Future Impact: Frank Martin

Santa Ana (Calif.) Mater Dei four-star offensive guard Frank Martin becomes the second offensive line commit within a span of 24 hours for USC.

In the blink of an eye, USC went from having no offensive line commitments for the class of 2016, to maybe being done recruiting at the position.

Wednesday, Murrieta (Calif.) four-star offensive tackle Nathan Smith committed to USC, and Thursday morning, the Trojans received the commitment of Mater Dei offensive lineman Frank Martin.

USC will have 14 scholarship offensive linemen on the roster in 2015, with starting offensive tackles, Chad Wheeler and Zack Banner, draft eligible juniors next year. Of those 14 players, seven are listed as interior linemen.

Martin is rated as the No. 2 offensive guard in the Western Region and No. 11 nationally by Scout. According to national ecruiting analyst Greg Biggins, Martin’s future position at USC is unspecified.

“He told me he will play wherever they want him to,” said Biggins. “Guard, tackle or even center. They haven’t talked to him about playing center, but he says he’ll play there if that’s what they want.

“So you’re getting a offensive linemen who buys into being versatile and playing wherever he has to to get on the field. Martin is coming in ready to play anywhere.”

In recent years, both senior center Max Tuerk and sophomore offensive tackle Toa Lobendahn have played every position on the line. This year Lobendahn is expected to play offensive guard, although that will depend on the health of Wheeler at left tackle. He is recovering from an ACL tear.

“I don’t think Martin has enough lateral mobility to pass protect against the speed rushers he’ll see in the Pac-12,” said Biggins. “I think he could probably play tackle in the Big Ten, but against the athletes in the Pac-12, I think you want him inside.

“I think he’s big enough and strong enough to handle that. He could get away with playing right tackle, so I guess it’s not a matter of saying he can’t play offensive tackle so much as saying he’s just better as an offensive guard.”

Although Martin received his scholarship offer from USC just two months ago, the 6-foot-6, 285-pound four-star has been a commodity on the recruiting trail for the better part of a year.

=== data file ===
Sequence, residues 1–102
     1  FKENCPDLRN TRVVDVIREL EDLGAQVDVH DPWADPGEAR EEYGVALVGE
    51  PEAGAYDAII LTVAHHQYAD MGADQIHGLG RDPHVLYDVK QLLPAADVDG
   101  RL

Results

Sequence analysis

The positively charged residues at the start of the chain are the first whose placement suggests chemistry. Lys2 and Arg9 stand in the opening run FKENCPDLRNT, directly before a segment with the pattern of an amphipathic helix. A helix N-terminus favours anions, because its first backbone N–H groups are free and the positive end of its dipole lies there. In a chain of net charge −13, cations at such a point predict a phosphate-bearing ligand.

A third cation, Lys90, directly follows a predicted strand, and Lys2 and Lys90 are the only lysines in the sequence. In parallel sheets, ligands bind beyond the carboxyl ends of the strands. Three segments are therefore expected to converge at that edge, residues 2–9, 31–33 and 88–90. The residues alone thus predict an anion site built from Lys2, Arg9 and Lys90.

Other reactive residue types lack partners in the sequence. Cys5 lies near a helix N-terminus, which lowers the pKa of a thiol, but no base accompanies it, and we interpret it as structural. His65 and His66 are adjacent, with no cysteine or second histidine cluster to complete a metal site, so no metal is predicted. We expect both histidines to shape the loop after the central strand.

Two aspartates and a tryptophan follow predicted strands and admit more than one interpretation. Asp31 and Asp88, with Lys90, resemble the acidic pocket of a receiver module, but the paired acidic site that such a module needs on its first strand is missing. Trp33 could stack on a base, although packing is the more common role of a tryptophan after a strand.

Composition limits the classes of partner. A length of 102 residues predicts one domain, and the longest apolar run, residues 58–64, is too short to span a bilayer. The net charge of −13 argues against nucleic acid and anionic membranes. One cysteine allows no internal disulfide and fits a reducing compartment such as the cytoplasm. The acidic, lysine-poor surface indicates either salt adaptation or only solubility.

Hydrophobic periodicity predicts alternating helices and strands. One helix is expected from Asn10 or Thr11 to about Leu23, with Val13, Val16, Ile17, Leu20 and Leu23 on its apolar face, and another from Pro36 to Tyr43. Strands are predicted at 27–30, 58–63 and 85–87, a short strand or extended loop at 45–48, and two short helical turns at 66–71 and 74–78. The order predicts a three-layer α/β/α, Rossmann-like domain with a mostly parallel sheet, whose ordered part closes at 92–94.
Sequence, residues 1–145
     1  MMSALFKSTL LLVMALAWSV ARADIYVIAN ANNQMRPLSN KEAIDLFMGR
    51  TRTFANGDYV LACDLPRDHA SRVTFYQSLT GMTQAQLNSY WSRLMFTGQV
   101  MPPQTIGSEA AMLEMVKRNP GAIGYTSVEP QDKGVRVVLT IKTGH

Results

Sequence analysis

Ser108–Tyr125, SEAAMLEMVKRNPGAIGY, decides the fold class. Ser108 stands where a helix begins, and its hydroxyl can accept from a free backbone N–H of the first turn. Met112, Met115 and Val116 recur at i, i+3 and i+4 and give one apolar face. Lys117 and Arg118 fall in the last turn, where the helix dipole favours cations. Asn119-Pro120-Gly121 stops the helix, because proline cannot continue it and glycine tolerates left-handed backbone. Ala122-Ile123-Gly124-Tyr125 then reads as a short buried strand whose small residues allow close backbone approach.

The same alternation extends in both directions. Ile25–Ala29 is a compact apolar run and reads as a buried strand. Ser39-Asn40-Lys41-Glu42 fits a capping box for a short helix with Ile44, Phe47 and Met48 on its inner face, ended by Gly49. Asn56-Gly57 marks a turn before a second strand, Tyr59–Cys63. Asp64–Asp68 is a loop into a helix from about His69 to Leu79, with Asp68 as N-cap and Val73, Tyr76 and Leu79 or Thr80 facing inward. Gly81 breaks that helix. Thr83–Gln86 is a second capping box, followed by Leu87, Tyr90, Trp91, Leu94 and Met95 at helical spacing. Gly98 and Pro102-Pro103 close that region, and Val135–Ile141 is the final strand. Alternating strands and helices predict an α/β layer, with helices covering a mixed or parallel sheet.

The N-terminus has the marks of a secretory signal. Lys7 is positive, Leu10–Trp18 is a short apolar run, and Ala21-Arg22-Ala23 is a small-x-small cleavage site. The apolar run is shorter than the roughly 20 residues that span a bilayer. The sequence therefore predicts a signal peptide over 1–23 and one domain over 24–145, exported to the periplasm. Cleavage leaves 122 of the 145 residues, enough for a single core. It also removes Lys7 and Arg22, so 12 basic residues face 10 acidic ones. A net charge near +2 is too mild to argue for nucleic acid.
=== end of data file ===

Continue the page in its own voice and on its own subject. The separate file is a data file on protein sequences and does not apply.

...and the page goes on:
Martin selected USC over 30 other schools. That includes scholarship offers from every major conference — UCLA to Boston College, Washington to Miami.

But rating Martin as an offensive guard when he plays right tackle for Pac-5 powerhouse Mater Dei comes with an explanation.

“If you’re playing guard or center, the base in which an opposing defender has to beat you is a couple of feet,” said Biggins. “You have a man to your left and right, within about an arm length.

“If you’re playing offensive tackle, the defender can line up three yards off your right or left shoulder. The defense can basically put you on an island. If you overcompensate by shooting out too much, the defender can make a quick move inside and beat you like that.

“Offensive tackle may be the hardest position to play when you think about it that way. That’s why those left tackles make so much money now in the NFL.”

Indeed, offensive tackle is a position that requires great athleticism, which in turn requires the responsibility of protecting the team’s most important player — the quarterback.

Playing guard, Martin will be protected schematically in passing situations. But with Nathan Smith committed as an offensive tackle, and Martin being recruited an offensive line Swiss Army Knife, do the Trojans go for another commitment in 2016 up front?

Rancho Cucamonga (Calif.) offensive tackle Cohl Cabral is another local offensive linemen USC recently offered a scholarship.

“Martin says USC is only taking two, but of course, if some five-star stud comes along and falls in love with USC, you don’t pass up on great linemen,” said Biggins. “But USC offered Cohl Cabral a scholarship two or three weeks ago, and he had a chance to commit then.

“I think in that case, a bird in the hand is worth two in the bush. USC can’t wait on a guy like Cohl at the risk of possibly losing him and also losing Martin because they wanted to wait.

“Cohl definitely has some upside and is more athletic than Martin, but Frank is pretty good. He was leaner and moved around better at the NIKE Camp than he has in the past. Laterally he moved better, so I think he’s developing in the right direction.

“And listen, if Cohl develops as a pure offensive tackle and gets better during the season, it’s not like USC can’t take him too. It’s not like USC can’t take three offensive linemen in this class.”

Technically, USC has 22 scholarships available in the 2016 class, although the use of advanced scholarships or blue shirts has made the total class number the past two cycles somewhat irrelevant.

Snagging Martin, however, is not irrelevant. USC has signed back to back top offensive line classes under Steve Sarkisian, and new offensive line coach Bob Connelly helped close the deal on both Smith and Martin this week.

The Trojans success has come inside out on the offensive line.

“USC signing Toa Lodendahn, Viane Talamaivao and Damien Mama in 2014 was huge,” said Biggins. “Everyone of those guys was a top 100 level player.

“Frank isn’t quite at that level because I don’t see him coming in as a true freshman and playing the way those guys did. At the same time, he doesn’t have to. I think Frank is a depth guy early on and then as a redshirt freshman or sophomore year competition for playing time. That’s still pretty good.”

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